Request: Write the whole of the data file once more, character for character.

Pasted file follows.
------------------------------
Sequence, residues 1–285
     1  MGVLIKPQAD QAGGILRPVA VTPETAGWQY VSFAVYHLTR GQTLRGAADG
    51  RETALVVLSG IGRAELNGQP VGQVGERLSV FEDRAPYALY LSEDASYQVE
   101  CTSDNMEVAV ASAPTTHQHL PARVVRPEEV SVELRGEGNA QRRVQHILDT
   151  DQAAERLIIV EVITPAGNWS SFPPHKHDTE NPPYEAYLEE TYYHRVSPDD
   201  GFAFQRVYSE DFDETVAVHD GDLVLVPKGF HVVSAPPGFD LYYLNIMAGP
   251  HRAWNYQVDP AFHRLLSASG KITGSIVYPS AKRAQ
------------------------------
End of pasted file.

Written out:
Sequence, residues 1–285
     1  MGVLIKPQAD QAGGILRPVA VTPETAGWQY VSFAVYHLTR GQTLRGAADG
    51  RETALVVLSG IGRAELNGQP VGQVGERLSV FEDRAPYALY LSEDASYQVE
   101  CTSDNMEVAV ASAPTTHQHL PARVVRPEEV SVELRGEGNA QRRVQHILDT
   151  DQAAERLIIV EVITPAGNWS SFPPHKHDTE NPPYEAYLEE TYYHRVSPDD
   201  GFAFQRVYSE DFDETVAVHD GDLVLVPKGF HVVSAPPGFD LYYLNIMAGP
   251  HRAWNYQVDP AFHRLLSASG KITGSIVYPS AKRAQ